It would benefit in-house attorneys to keep a learning log and steadily improve and enrich it

An enthusiast duplicate bridge player, I have for years added periodically to my personal summary whatever strikes me as useful. My personal bridge log is now about 60 pages. Writing helps test whether I have learned something, it helps me remember, and it helps me reorganize material in ways that suit my mental models.

Every lawyer in a company learns as they go. They talk to others in their field when they bump into them or meet across the table, they read articles that come across their desk, they satisfy their CLE requirements as best they can – but what they rarely do is set themselves to deliberate study (See my post of May 27, 2008: write down nuggets of learning.). On-the-job training suffices for the large majority, I suspect. Deliberate programs of learning are the great exception.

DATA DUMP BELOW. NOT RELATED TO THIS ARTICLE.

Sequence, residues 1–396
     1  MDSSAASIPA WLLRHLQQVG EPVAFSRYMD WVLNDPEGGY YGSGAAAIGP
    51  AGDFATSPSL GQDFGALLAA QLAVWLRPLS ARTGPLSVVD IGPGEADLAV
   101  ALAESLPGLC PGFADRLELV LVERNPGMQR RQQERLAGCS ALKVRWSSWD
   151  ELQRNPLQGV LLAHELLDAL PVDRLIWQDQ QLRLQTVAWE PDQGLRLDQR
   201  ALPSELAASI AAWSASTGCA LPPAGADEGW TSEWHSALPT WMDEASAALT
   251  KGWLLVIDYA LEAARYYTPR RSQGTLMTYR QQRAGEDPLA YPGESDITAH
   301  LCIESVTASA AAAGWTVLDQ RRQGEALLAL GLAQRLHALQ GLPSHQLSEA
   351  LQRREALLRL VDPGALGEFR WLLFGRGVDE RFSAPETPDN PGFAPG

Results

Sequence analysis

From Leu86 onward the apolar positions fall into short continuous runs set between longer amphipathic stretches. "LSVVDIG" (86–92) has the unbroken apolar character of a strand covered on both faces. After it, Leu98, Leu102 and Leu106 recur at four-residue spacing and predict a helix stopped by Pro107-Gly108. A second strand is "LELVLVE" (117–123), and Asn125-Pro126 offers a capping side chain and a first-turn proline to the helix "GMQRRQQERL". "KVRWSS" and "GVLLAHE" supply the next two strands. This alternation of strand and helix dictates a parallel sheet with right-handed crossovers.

Are there examples out there of in-house lawyers who keep a learning diary? Or any exemplary autodidacts who pick a reading list and diligently summarize what they get from the books or articles? Any that create a living, growing manuscript of what they have learned in their field?

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